Developers in Abu Dhabi strive to arrest decline in prices

0
206

By Manoj Nair  gulfnews.com

Project delays could play out favourably as Abu Dhabi’s property market — and its developer-landlords — hope to slow down the decline in values. Against the projected 22,000 new units to be delivered this year, the market would have to settle for something much lower.

Abu DhabiBut unlike in Dubai where developers have made wholesale exits from announced projects — or got the Real Estate Regulatory Agency to do so for them — Abu Dhabi’s developers has opted for the middle course.

“Developments have not been cancelled but with the delays, this might prevent a major drop in prices as demand meets supply,” said Ronald Hinchey of Cluttons Middle East.

According to Better Homes data, about 4,000 units will enter the market in the second and third quarters, and another 3,000 could be delivered later this year.

But there is a nice little caveat attached — all of this is subject to these units meeting the Municipality approvals, as well as getting electricity and water connections.

The wider marketplace has now come to accept a three- to six-month delay between a high-rise project getting completed and getting its papers in order as par for the course. In fact, at some newly completed projects, there were drops — though small — in the property values as a consequence of the handover delays.

But the long hoped for rental stability my still prove elusive. “Rents will continue to fall as new supply has still not reached the market,” Hinchey added.

“A two-tier market is developing; those older buildings, which also don’t have facilities, will lose tenants to new locations.”

It was to prevent this very occurrence that Abu Dhabi earlier this year extended the 5 per cent cap on existing tenancy contracts. The flight to quality goes on uninterrupted. “Based on our observation, tenants are still researching new locations and opting to move out once their tenancies expire,” said Loshini Lawrence, operations manager at Better Homes’ Abu Dhabi office.

“There are various factors associated with this decision and — in most cases — is not directly related to the rental cap.

“For reasons such as parking in the city — which has now become limited and restricted with the introduction of Mawaqif — it is no longer acceptable to rent an apartment in the city and park on the street.

“New developments are offering facilities — undercover parking, built-in cupboards and multiple rental payments — for similar or less than the older price ranges.”

Obviously, the newer developments in town have a lot of in-built advantages running in their favour. Developments that were handed over in the last three years are recording occupancy rates of 70 per cent and over, of course dependent on multiple factors such as location, price and product offering.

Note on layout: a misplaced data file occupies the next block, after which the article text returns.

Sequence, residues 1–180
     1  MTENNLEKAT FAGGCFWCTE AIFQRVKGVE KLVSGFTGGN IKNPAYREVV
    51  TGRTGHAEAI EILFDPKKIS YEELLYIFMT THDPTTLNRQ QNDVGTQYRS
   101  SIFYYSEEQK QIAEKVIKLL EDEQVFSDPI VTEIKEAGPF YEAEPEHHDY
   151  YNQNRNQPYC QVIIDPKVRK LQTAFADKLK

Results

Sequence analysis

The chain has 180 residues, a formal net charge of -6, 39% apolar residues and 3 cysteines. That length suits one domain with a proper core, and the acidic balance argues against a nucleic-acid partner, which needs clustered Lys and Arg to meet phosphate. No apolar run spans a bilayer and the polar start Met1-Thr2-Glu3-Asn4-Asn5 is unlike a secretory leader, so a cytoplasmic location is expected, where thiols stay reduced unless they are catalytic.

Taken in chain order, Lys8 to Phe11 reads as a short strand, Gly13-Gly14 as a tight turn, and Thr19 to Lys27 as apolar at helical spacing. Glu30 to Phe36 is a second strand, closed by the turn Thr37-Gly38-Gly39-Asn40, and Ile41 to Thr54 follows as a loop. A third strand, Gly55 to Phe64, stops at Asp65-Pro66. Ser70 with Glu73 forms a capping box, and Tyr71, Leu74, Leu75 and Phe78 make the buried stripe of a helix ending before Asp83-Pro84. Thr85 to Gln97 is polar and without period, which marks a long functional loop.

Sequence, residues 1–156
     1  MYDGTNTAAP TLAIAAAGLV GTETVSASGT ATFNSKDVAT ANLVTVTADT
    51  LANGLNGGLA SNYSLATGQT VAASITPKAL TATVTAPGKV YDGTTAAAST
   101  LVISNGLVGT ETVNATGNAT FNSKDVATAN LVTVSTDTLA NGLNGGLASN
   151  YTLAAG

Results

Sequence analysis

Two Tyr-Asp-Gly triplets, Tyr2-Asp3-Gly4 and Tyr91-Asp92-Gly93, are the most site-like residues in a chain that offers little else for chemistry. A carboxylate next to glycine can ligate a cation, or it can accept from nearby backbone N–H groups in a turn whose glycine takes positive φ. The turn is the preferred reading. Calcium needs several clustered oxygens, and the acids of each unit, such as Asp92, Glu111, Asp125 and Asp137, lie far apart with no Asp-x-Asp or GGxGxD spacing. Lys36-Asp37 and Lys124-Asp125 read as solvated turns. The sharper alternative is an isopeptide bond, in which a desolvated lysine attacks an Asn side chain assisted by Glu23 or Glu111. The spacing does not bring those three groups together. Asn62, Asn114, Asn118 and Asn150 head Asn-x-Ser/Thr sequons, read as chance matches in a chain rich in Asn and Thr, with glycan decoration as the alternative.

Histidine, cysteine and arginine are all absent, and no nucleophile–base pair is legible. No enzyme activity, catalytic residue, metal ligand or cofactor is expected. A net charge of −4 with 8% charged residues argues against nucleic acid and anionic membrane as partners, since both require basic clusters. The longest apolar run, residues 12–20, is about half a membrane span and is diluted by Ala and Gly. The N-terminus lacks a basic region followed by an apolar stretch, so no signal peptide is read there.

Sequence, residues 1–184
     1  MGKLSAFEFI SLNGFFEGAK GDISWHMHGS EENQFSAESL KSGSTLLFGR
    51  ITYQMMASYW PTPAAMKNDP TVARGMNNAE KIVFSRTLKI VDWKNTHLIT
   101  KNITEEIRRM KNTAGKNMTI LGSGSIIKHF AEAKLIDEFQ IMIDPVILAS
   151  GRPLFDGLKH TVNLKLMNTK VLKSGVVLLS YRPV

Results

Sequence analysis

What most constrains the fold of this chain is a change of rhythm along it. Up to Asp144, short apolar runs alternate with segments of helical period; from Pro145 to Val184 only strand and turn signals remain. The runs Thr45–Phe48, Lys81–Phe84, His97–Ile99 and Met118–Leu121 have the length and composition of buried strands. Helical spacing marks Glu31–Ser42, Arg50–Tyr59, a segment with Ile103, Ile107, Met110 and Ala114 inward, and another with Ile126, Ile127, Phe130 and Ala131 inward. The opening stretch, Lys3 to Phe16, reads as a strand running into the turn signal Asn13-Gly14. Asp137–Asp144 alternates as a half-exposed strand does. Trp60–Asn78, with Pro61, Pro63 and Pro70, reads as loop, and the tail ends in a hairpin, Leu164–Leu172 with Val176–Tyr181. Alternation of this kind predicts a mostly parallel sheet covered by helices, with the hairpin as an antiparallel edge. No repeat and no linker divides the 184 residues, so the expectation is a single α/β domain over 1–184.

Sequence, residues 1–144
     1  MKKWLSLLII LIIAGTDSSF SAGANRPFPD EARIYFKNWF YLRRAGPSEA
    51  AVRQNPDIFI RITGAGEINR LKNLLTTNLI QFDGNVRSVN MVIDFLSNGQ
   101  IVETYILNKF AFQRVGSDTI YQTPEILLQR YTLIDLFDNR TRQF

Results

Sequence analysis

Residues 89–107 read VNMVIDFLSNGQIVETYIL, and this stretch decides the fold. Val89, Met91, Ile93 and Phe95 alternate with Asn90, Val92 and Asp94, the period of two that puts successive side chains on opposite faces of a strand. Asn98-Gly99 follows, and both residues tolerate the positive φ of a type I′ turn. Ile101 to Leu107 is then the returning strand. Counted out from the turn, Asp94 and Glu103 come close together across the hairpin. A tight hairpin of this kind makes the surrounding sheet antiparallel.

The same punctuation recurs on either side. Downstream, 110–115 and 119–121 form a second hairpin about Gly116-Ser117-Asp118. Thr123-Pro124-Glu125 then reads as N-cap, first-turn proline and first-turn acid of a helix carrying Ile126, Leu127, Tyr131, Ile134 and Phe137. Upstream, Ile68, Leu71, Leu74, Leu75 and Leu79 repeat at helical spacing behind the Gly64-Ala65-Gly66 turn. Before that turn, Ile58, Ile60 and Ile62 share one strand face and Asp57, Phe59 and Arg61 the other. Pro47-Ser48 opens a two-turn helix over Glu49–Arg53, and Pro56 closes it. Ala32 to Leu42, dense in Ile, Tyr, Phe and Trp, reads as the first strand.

Having said that, their newness is no guarantee it can halt rental erosion.

As a case in point look no further than to the Al Reem Island master-development.

“Rents are likely to fall as supply increases,” Lawrence added.

Apartment rents fall 8%

Apartment rents in Abu Dhabi were down an average eight per cent in the first quarter of the year, according to the latest data from Asteco.

In the city’s older neighbourhoods, “for the few units which have become available, rents have reduced significantly compared with first quarter of 2010, a trend which is expected to become more pronounced,” the report added.

As for the new precincts such as Al Bandar, Raha Beach, the majority of the units have now been taken up, with only limited numbers of the three- and four-bedroom units available.

The persistently soft rental market continued in the villa space as well, and recorded an 8 per cent fall in the first three months. According to Asteco, it has even reached a point where lower quality units on the mainland have become even more difficult to lease out.

Against that, there has been a noticeable increase in enquiries for quality villas in Khalifa City A, “typically from families looking to relocate from Al Raha Gardens seeking to secure a larger home for the same rental budget”, the report said.

“Consequently, rents for better quality villas have stabilised, particularly those located within the most desirable sectors, near to Eithad Plaza. A similar situation is also witnessed in Mohammad Bin Zayed City, where good quality villas closest to Mazyad Mall are still in demand.” The established villa clusters of Golf Gardens, Mangrove Village, Seashore Villas and Sas Al Nakhl recorded little availability and stable prices during the quarter.

LEAVE A REPLY